Wednesday, July 29, 2009

Types of Registers

There was some mention of the special registers in Vim in the comments on my last post. Here's a list of all available registers in Vim (copied directly from the docs). For more info on what these registers do, please see :help registers.

There are nine types of registers:
1. The unnamed register ""
2. 10 numbered registers "0 to "9
3. The small delete register "-
4. 26 named registers "a to "z or "A to "Z
5. four read-only registers ":, "., "% and "#
6. the expression register "=
7. The selection and drop registers "*, "+ and "~
8. The black hole register "_
9. Last search pattern register "/


freegnu said...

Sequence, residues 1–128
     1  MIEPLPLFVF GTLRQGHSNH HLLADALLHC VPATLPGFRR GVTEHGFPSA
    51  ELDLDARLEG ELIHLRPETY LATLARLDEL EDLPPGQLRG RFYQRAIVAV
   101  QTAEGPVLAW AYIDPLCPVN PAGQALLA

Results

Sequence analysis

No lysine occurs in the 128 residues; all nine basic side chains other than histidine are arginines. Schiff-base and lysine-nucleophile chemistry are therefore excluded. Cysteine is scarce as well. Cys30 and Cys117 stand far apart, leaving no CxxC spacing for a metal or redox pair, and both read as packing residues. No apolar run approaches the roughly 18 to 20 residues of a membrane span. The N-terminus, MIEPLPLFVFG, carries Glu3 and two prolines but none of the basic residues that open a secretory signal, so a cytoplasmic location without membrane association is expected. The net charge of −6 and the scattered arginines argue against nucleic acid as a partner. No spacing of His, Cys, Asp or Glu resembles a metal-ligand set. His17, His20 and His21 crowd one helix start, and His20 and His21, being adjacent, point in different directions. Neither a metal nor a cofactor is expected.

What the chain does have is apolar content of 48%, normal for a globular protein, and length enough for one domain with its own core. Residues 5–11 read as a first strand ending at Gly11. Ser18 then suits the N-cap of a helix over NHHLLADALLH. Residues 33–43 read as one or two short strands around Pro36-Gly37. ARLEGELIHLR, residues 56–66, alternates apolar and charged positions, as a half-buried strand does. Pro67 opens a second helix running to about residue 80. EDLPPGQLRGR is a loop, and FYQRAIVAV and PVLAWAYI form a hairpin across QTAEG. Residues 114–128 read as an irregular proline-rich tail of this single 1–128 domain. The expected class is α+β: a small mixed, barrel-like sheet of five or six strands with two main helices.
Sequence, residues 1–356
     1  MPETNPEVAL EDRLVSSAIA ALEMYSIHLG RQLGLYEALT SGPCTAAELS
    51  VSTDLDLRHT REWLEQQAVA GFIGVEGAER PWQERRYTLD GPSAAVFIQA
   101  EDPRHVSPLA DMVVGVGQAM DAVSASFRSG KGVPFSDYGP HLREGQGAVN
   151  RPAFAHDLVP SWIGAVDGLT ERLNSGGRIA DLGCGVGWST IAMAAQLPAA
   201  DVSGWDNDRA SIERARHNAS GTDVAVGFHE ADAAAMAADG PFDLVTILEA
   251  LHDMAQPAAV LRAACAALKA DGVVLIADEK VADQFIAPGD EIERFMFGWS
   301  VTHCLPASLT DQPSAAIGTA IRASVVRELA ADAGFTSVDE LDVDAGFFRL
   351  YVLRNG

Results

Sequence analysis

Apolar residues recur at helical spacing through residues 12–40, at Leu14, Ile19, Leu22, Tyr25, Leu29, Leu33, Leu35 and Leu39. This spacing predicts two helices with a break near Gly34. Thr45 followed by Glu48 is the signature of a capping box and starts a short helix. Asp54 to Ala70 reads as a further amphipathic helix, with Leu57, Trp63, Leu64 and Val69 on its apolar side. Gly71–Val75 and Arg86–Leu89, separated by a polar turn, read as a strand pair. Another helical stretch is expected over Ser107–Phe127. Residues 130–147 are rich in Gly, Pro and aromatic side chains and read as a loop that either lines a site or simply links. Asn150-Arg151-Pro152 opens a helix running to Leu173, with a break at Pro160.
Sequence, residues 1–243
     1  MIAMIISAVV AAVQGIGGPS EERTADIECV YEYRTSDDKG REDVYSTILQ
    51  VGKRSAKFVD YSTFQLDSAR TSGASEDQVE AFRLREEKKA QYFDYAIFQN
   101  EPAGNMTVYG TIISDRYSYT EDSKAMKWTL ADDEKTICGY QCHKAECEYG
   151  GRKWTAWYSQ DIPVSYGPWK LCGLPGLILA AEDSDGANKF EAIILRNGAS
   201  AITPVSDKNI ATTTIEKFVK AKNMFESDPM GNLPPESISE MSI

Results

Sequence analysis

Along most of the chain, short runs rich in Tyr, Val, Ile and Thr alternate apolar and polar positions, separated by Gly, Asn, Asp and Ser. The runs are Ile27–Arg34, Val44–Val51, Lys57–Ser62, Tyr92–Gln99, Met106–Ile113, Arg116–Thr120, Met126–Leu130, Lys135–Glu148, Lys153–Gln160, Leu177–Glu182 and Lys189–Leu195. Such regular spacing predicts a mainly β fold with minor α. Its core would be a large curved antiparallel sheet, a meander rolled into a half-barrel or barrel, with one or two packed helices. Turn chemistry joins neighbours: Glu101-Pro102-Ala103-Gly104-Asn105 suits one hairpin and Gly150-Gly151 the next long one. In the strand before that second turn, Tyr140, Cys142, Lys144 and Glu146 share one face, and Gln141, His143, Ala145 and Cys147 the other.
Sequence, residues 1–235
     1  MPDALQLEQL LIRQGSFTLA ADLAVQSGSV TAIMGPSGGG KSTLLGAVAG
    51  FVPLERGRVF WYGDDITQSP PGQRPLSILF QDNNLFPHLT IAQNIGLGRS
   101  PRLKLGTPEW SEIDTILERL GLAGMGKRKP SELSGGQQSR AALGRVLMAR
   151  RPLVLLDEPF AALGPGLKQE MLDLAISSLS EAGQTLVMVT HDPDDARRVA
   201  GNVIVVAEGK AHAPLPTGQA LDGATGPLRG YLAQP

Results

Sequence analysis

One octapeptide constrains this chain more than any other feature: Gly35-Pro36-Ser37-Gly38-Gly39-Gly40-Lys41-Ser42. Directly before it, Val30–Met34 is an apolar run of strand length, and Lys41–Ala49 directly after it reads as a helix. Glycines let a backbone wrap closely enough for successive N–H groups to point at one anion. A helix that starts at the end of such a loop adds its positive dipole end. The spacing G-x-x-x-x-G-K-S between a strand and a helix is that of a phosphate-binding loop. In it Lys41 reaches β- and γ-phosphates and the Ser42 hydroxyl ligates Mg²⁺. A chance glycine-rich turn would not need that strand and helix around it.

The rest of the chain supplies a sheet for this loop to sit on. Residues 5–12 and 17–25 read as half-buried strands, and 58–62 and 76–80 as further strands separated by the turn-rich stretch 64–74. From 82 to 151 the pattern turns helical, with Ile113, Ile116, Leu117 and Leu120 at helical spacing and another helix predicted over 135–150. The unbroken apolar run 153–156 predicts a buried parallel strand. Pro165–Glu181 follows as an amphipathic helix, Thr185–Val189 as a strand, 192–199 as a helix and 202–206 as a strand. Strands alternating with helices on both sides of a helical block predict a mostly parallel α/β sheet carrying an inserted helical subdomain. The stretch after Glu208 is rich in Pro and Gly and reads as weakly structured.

You can also insert the word the cursor is in on the ex command line with Ctrl-R Ctrl-W.

Tomasz said...

thanks bunches, man..
been going around with vim for two or three years, but i keep learning new things every day ;). the _dd and _x are actually something i've been looking for some time already, just had no idea that it's called 'blackhole' =)

dot SEO said...

Its sounds just great, i do like freegnu says :-)

McFiredrill said...

are these the same as "buffers"??

Travis Whitton said...


No, buffers are the mechanism that Vim uses to store a file. A window (what you see when using Vim), is a viewport into a buffer. You can have many buffers loaded at once and switch between them with :buff # (where # is the buffer you want). Just typing :buffers will give you a list of what's currently loaded.

Registers are the locations that Vim stores deleted or yanked text. Typical registers range from a-z and A-Z, but there are a number of registers that fall outside of the named registers and serve special functions. See :help registers for the full story.